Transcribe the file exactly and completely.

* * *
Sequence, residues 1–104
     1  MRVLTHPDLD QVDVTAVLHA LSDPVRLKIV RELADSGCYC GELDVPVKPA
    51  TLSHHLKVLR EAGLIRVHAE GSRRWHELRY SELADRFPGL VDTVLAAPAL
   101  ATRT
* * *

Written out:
Sequence, residues 1–104
     1  MRVLTHPDLD QVDVTAVLHA LSDPVRLKIV RELADSGCYC GELDVPVKPA
    51  TLSHHLKVLR EAGLIRVHAE GSRRWHELRY SELADRFPGL VDTVLAAPAL
   101  ATRT